Critique my arms/contact?

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Critique my arms/contact?

This is a discussion on Critique my arms/contact? within the Jumping forums, part of the English Riding category

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  • 1 Post By MyBoyPuck
  • 2 Post By ~*~anebel~*~
  • 1 Post By bsms

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    07-19-2013, 11:19 PM
Critique my arms/contact?

Here's us this month:

We're in a grid there, about 5 trotting poles and then a low jump, canter pole, lastly a cross rail, then a corner where we practice bending in a circle. I'm still figuring out the *feel* for the distance and two point Just gotta keep doing the grids and paying attention to get it down. She's doing great, I'm proud of her :)

This is from January:

Some things to consider: I have a hip acebulum issue, and she has a lumbar stiffness issue along with a badly set head/neck that make it practically impossible to appropriately ask her to lower her head or take a "correct" contact, so I have to hold her more. It's a kick in the butt to have to focus on keeping the contact and my body upright. She can flex and bend laterally on cue. Any vertical flexion comes and goes when she feels absolutely comfortable giving it because it is very difficult to do so.

If you can crit my mare, too, please do not crit the back or poll, and do not critique my hip.
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    07-28-2013, 10:34 PM
Honestly, I don't think you can critique contact really and even hand position its different for every horse. Warming up I always have a loose rein but when jumoing etc you should not be pulling but have a feel for there mouth and control. For me on my horse, it varies day to day on how she's feeling. So go with what feels best, but make sure you are not pulling or hanging on her mouth !
    07-30-2013, 07:10 PM
Bend your elbows. Your upper arm should hang down and rest at your sides, but you need to bend your elbows and carry the weight of your own lower arms. That's what ultimately creates the straight line from elbow to bit.
    07-30-2013, 07:13 PM
Holy cow I'm such a dope. I was looking at the bottom pic like it was the after pic. Sorry! Contact is better and you did establish the straighter line. Still looks a bit tense in the shoulders and elbows are not hanging at your sides, but she looks like she's pulling on you a bit in that pic.
    07-30-2013, 07:21 PM
So you will make excuses as to why the horse can't possibly be expected to put its head down.... But then you jump it??

Correct muscling of the neck is possible regardless of where it is set. You do not need to ask on an internet forum to see how your contact is developing - look at the muscles on the horse's neck... It seems quite obvious to me...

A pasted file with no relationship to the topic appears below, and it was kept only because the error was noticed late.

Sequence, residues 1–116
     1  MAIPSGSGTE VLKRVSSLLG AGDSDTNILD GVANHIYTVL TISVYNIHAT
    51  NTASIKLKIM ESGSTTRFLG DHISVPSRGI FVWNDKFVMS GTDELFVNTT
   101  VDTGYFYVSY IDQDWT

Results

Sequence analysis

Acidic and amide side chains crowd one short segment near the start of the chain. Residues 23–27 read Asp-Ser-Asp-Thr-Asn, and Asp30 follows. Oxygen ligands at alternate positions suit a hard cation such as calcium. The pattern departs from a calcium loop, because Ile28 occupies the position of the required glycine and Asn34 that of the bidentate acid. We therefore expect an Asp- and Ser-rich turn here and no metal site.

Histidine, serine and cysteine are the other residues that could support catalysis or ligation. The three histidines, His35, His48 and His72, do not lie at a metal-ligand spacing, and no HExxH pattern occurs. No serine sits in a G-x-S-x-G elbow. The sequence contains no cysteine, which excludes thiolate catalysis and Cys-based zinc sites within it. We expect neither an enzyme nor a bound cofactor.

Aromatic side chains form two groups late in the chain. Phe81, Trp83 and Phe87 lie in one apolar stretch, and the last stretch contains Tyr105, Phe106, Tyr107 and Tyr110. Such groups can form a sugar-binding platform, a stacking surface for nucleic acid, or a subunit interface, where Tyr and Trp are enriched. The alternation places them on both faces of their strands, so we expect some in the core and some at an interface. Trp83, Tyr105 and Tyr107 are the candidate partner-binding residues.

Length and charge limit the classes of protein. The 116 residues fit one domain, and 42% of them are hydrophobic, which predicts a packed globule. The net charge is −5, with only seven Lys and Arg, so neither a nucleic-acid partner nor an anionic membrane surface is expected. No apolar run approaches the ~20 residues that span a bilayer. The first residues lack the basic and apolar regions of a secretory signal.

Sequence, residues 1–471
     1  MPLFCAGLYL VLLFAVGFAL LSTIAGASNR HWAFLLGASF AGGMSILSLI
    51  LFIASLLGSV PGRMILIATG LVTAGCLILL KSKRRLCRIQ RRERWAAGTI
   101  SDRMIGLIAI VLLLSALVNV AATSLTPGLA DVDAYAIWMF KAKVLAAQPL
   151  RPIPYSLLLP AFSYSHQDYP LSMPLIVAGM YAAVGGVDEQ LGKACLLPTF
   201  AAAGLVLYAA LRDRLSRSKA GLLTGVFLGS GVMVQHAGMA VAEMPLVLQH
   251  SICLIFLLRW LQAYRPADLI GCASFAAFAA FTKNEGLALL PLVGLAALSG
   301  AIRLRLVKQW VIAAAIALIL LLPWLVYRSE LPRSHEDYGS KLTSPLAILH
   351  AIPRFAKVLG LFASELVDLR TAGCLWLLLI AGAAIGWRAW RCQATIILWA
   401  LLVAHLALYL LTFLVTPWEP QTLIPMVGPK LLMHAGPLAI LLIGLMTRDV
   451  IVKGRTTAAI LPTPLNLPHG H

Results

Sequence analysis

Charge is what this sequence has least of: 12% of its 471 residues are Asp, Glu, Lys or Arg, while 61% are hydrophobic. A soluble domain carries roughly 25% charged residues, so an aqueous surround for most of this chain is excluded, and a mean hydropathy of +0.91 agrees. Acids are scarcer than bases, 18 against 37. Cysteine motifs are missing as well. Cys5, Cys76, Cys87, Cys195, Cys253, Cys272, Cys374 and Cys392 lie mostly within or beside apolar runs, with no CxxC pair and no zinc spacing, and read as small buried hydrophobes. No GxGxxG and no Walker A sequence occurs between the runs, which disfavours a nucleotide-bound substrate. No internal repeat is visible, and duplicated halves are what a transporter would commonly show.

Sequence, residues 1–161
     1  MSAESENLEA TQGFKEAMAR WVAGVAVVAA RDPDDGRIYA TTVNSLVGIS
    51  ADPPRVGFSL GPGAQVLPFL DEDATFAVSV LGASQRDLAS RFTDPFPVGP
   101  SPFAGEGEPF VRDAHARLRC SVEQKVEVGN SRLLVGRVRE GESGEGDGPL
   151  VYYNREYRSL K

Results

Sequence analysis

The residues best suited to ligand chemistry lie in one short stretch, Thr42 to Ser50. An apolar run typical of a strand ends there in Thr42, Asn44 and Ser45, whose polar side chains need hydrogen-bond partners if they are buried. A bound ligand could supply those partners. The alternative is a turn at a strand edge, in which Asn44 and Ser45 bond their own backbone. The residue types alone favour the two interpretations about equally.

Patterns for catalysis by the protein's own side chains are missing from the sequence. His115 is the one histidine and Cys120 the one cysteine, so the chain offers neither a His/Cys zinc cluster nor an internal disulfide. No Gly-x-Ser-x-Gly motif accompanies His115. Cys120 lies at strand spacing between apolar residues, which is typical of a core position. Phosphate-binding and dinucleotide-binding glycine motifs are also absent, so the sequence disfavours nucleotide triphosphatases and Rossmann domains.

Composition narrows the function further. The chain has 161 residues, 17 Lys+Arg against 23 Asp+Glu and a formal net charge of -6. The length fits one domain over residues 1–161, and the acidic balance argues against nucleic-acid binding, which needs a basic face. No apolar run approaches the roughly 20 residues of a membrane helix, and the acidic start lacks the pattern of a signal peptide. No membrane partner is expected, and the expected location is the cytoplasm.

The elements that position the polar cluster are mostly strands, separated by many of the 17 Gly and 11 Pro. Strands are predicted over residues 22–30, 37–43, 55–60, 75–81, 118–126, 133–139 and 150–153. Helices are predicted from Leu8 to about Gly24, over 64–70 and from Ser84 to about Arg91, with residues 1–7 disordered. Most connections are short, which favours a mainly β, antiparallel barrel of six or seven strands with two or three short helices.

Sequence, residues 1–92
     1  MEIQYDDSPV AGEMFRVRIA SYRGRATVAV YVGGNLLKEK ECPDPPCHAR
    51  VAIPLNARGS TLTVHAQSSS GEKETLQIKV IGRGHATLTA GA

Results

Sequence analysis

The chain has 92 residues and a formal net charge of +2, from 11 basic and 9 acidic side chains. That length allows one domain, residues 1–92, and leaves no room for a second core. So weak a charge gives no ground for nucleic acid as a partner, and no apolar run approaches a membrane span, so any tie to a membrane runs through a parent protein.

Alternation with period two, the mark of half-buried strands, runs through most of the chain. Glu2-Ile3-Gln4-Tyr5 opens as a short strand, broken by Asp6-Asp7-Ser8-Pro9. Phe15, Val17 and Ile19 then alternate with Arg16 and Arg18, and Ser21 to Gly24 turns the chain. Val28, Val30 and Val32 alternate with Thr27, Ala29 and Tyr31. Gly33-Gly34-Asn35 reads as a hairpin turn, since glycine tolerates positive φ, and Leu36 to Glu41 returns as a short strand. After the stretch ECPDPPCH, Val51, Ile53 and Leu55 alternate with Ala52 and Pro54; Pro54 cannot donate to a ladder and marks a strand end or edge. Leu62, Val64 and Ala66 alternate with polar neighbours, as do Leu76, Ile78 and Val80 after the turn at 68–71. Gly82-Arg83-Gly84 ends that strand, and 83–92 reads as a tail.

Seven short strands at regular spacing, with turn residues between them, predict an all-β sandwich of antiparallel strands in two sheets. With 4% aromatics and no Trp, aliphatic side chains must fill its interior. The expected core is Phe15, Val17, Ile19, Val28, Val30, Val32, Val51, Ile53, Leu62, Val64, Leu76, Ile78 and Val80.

bsms and waresbear like this.
    07-30-2013, 11:17 PM
In one of VS Littauer's early books, he said all horses should be ridden with contact, and a horse was not in control if you did not. Decades later, he changed his view. He said "elementary control" was appropriate for a rider learning position and balance, and at that level of riding, he recommended using loose reins. He said decades of schooling students on his horses had taught him that riders trying to ride 'on contact' when they were not completely stable in their seat resulted in sour, hard-mouthed horses.

He also said that relying on loose reins indefinitely was a primitive approach and lacked finesse...which has both an element of truth and an element of error to it, depending on the horse, the tack, the rider & their goals.

If he was right, then a rider ought to be pretty comfortable in riding two-point, half-seat and full seat before asking the horse for constant contact via the bit.

I don't jump, and consider myself primarily a western rider, although my Australian-style saddle is English in origin. I ride some two-point almost every ride, which is atypical for a western rider. Although I like slack in the reins, my mare prefers contact any time she is nervous or excited - so I'm in the odd position of having my horse push me to ride with some contact even though I don't want it! Oh well...horses get a vote.

Bottom line - if you are not comfortable with the strength and steadiness of your position, two-point, half-seat and your hands, you MIGHT consider Littauer's approach. But I'm not an instructor, a shining example of riding skill, a competitor or teacher, so you are also welcome to totally ignore this post!

If you are interested in reading his opinions:

    07-31-2013, 02:15 AM
I can see one thing that is wrong and that is your toes are pointing out. I have hip issues and I can keep my toes in. My instructor once told me if I can't keep my toes in due to my hip I should not be jumping. Also if your mare is unable to put her head down when jumping she should not jump. Having its head down helps the horse get the required elasticity and power in its hind end that a horse needs
    07-31-2013, 06:13 AM
I agree with everyone about the arms. Your toes are pointing out, but it looks like the iron is slipped into the heel. Should be at the ball of the foot.

Your horse's head in the before picture looks more appropriate, less tense and more down.

You are making progress, keep it up! Don't let health issues get in your way, just make sure both of you are having fun. I had a dog with bone issues who did agility, and she LOVED it, but as soon as I saw her refusing, we stopped. No questions asked.

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